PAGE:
Therefore we will reverse the judgment of the district court in favor of appellees Joseph Houghton, et al. Since the district court's only basis for judgment against Keystone on the civil RICO claim was the court's determination that Keystone's civil RICO claim was barred by the statute of limitations, a determination we find to have been in error, we will remand to the district court for entry of judgment for Keystone on its civil RICO claim.10
We refer to all of the defendants collectively as the "Houghton Group" or the "Houghton enterprise."
The point at which Keystone knew that the two accidents were related is not clear from the record before us. Given the disposition we give to this case, clarity on this point is not required
See, e.g., Sedima, 473 U.S. at 498, 105 S. Ct. at 3286; United States v. Altese, 542 F.2d 104, 106 (2d Cir. 1976), cert. denied, 429 U.S. 1039, 97 S. Ct. 736, 50 L. Ed. 2d 750 (1977); Callan v. State Chemical Mfg. Co., 584 F. Supp. 619 (E.D. Pa. 1984); Bennett v. E.F. Hutton Co., Inc., 597 F. Supp. 1547 (N.D. Ohio 1984); Chambers Development Co., Inc. v. Browning-Ferris Industries, 590 F. Supp. 1528 (W.D. Pa. 1984); Slattery v. Costello, 586 F. Supp. 162 (D.D.C. 1983); United States v. Vignola, 464 F. Supp. 1091, 1095 (E.D. Pa.), aff'd, 605 F.2d 1199(3d Cir. 1979), cert. denied, 444 U.S. 1072, 100 S. Ct. 1015, 62 L. Ed. 2d 753 (1980). The applicability of the liberal construction standard has been questioned in criminal RICO cases in view of the general canon of interpretation that ambiguities in criminal statutes are to be construed in favor of leniency. See, e.g., United States v. Davis, 576 F.2d 1065 (3d Cir.), cert. denied, 439 U.S. 836, 99 S. Ct. 119, 58 L. Ed. 2d 132 (1978)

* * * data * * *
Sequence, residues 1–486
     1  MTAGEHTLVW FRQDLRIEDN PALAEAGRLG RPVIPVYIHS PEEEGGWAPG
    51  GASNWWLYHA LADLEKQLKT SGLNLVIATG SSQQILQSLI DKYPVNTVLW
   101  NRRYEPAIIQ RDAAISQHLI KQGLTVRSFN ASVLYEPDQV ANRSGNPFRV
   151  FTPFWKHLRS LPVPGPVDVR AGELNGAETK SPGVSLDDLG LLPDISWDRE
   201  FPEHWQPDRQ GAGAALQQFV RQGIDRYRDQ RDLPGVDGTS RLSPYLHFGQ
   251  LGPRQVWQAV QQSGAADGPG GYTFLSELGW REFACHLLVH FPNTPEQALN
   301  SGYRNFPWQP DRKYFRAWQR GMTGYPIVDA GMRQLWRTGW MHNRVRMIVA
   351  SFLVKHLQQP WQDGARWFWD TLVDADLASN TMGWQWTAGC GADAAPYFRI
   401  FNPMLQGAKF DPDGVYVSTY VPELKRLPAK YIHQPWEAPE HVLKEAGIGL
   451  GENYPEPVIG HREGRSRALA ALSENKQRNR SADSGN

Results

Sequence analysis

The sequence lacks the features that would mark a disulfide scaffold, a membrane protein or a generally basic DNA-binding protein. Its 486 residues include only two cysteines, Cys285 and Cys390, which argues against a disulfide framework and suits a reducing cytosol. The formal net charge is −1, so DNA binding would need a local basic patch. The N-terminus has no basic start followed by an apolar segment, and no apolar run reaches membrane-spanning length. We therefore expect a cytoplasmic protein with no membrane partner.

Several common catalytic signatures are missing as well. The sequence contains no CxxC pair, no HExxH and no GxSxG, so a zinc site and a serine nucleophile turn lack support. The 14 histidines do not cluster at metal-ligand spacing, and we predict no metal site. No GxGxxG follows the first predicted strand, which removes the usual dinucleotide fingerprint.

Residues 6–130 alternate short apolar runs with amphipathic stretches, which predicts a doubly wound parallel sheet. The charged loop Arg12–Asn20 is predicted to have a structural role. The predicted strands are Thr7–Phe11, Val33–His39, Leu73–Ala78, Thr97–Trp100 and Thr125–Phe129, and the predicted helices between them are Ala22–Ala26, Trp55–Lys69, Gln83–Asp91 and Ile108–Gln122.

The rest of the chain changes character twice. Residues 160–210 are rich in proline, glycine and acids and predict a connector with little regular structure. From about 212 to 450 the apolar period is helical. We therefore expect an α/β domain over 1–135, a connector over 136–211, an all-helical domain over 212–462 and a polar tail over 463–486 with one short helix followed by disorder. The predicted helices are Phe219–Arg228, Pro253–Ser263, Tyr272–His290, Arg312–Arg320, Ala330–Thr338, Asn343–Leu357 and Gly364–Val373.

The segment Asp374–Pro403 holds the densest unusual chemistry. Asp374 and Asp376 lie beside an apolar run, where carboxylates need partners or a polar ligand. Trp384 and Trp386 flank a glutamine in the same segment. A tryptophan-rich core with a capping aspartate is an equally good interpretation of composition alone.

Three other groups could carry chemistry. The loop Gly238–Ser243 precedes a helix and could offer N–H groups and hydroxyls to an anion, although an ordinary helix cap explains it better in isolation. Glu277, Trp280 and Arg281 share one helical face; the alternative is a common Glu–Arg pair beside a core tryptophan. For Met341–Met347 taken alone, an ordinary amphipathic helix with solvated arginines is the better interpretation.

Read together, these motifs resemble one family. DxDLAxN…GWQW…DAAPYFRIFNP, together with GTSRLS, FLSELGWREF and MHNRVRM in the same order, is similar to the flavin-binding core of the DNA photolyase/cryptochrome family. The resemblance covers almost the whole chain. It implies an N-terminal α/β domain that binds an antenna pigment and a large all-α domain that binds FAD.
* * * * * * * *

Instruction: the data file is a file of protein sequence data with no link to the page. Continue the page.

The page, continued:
Where Congress has made its intention clear, as in the liberal construction directive of the RICO statute, we are required to give effect to the intent of Congress; in seeking to realize that intent we must look first to the "literal meaning of the words employed." Flora v. United States, 357 U.S. 63, 65, 78 S. Ct. 1079, 1081, 2 L. Ed. 2d 1165 (1958). The importance of giving full life to legislative intent is a cornerstone not only of American jurisprudence but also of the common law. Sir Edward Coke in Heydon's Case four centuries ago stated the rule which succinctly encapsulated this policy in his statement that:
the office of all the Judges is always to make such ... construction as shall suppress the mischief, and advance the remedy, and to suppress subtle inventions and evasions for continuance of the mischief ..., and to add force and life to the cure and the remedy, according to the true intent of the makers of the Act, pro bono publico.